Steps to take after the death of a loved one

grieve-58058_1920

I recently came across this article from the California Probate Blog and it has some great tips about what to do after a loved one dies. Check it out here

The probate court can’t give you legal advice, but they can sometimes point you in the right direction. And, of course, you may want to contact an attorney with your questions. You may find it easier to let someone else handle the legal end of things.

In South Carolina, can I file my will with the probate court for safekeeping?

folder-146134_1280

 

In South Carolina, you cannot file a will with the probate court while you are alive. I believe at some point in the past the Courts had vaults to keep wills, but nowadays it is up to you to keep up with it. So, keep your will safe, don’t write on it, and let someone know where it is!

New Forms

Several probate forms have been updated. Here is a list.  If you need the forms themselves, either for probate or the other courts, you can look for them here.

 

Does the probate court give me the original will and death certificate back after I file them?

files-files

 

No, in South Carolina the probate court keeps the original documents after you file them. If you are doing this on your own, you may want to bring an extra set of copies to the probate court when you file them. In the future, you can request a certified copy if you have need of one, as well.

If you have any questions or comments, or if I can help in any way, please feel free to call me at (803) 929-0096, or email me at mike@belserpa.com.

In South Carolina, when is my will effective?

document-428335_1280

 

In South Carolina, a will is valid when it is executed. Usually, the will contains a provision revoking all previous wills.

Life Insurance Locator

bereavement-1239415_640

 

Many times life insurance is used to pay for burial expenses. Unfortunately, sometimes the heirs cannot locate the policy. The National Association of Insurance Commissioners has launched a life insurance policy locator service that might help. Check out the service here.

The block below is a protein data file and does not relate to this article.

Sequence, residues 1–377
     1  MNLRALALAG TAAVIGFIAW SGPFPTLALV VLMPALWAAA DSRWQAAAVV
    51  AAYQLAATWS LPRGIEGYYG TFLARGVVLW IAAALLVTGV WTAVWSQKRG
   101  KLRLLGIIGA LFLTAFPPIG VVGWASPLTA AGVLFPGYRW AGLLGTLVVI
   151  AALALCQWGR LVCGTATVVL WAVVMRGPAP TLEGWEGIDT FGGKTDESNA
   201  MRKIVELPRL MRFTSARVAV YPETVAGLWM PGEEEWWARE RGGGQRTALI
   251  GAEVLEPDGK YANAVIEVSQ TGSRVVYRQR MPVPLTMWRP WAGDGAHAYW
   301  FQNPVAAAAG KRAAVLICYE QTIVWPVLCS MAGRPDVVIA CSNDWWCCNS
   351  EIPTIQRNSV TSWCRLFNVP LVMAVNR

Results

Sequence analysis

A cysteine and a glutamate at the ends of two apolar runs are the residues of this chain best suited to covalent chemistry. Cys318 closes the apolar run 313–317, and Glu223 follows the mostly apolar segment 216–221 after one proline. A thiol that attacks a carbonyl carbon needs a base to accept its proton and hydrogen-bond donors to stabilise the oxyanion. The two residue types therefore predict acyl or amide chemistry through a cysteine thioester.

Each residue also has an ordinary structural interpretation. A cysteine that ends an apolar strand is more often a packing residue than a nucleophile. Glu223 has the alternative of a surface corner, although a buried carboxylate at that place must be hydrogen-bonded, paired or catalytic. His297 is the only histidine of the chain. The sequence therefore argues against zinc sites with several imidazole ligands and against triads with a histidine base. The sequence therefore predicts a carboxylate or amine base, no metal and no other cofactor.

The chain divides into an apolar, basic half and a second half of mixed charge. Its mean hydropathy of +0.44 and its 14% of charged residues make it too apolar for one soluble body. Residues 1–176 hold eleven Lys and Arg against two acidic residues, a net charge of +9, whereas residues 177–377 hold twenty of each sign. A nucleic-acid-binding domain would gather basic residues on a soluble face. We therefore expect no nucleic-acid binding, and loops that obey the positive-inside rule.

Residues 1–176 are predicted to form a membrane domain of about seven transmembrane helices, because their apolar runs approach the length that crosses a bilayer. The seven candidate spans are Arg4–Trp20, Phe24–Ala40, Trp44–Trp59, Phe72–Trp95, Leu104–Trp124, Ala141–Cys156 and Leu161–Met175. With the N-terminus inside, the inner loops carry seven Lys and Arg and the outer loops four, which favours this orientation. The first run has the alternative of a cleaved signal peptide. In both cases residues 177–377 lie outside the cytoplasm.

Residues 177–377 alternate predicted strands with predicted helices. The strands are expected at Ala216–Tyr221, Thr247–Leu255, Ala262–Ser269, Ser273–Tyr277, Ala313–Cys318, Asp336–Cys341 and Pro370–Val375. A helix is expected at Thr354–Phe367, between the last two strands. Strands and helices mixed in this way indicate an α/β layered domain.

In South Carolina, can I name a relative who lives out of state as personal representative in my will?

map-1149538_1920

 

Yes, you can name a relative or friend who lives out of state as personal representative. There may be some logistical difficulties, but we have helped many out-of-state personal representatives with South Carolina estates. As with all choices of personal representatives, make sure that they are able to handle the paperwork and that you completely trust them to follow your will.

In South Carolina, how long is my will valid?

document-1729019_1280

 

In South Carolina, a valid will does not expire. However, it is a good idea to revisit your estate planning (wills, powers of attorney, beneficiary designations) after any life changes such as births, deaths, divorces, and the like.

 

 

How long do I have to probate a will in South Carolina?

146H

 

There are two important deadlines. First, In South Carolina, a person has a duty to deliver a will to the probate court within 30 days of knowledge of the testator’s death.  A person who intentionally destroys, conceals, or fails to deliver a will can be liable for damages. However, often it takes longer to get the probate process started for various reasons, and sometimes it takes longer than 30 days even to find a will. Barring any fraud, bad faith or delay because someone doesn’t like what the will says, the probate court is usually understanding.  Second, in South Carolina you only have 10 years after someone dies to probate their estate. After 10 years you will have to take other action, and many times an attorney can be helpful in going through your options.

 

 

Does South Carolina recognize common law marriages?

T5ZR7KSJZQ

 

Under certain circumstances, South Carolina will recognize a common law marriage. You are probably going to want, or need, to talk to an attorney about your situation sooner or later. Every situation is different. From a legal standpoint, the South Carolina Supreme Court says the following:

A common-law marriage is formed when two parties contract to be married. Johnson v. Johnson, 235 S.C. 542, 550, 112 S.E.2d 647, 651 (1960). No express contract is necessary; the agreement may be inferred from the circumstances. Id.; Kirby v. Kirby, 270 S.C. 137, 140, 241 S.E.2d 415, 416 (1978). The fact finder is to look for mutual assent: the intent of each party to be married to the other and a mutual understanding of each party’s intent. Consideration is the participation in the marriage. If these factual elements are present, then the court should find as a matter of law that a common-law marriage exists.
9 Further, when the proponent proves that the parties participated in “apparently matrimonial” cohabitation, and that while cohabiting the parties had a reputation in the community as being married, a rebuttable presumption arises that a common-law marriage was created. Jeanes v. Jeanes, 255 S.C. 161, 166–67, 177 S.E.2d 537, 539–40 (1970). This presumption may be overcome by “strong, cogent” evidence that the parties in fact never agreed to marry. Jeanes, 255 S.C. at 167, 177 S.E.2d at 540.
Callen v. Callen, 365 S.C. 618, 624, 620 S.E.2d 59, 62 (2005)
So you can see from the legal discussion above, a party trying to prove they are common law married has to jump over a number of hurdles. Often the evidence conflicts.
If you have any questions or concerns, or want further information, please call me at (803) 929-0096, and I will be glad to discuss your situation.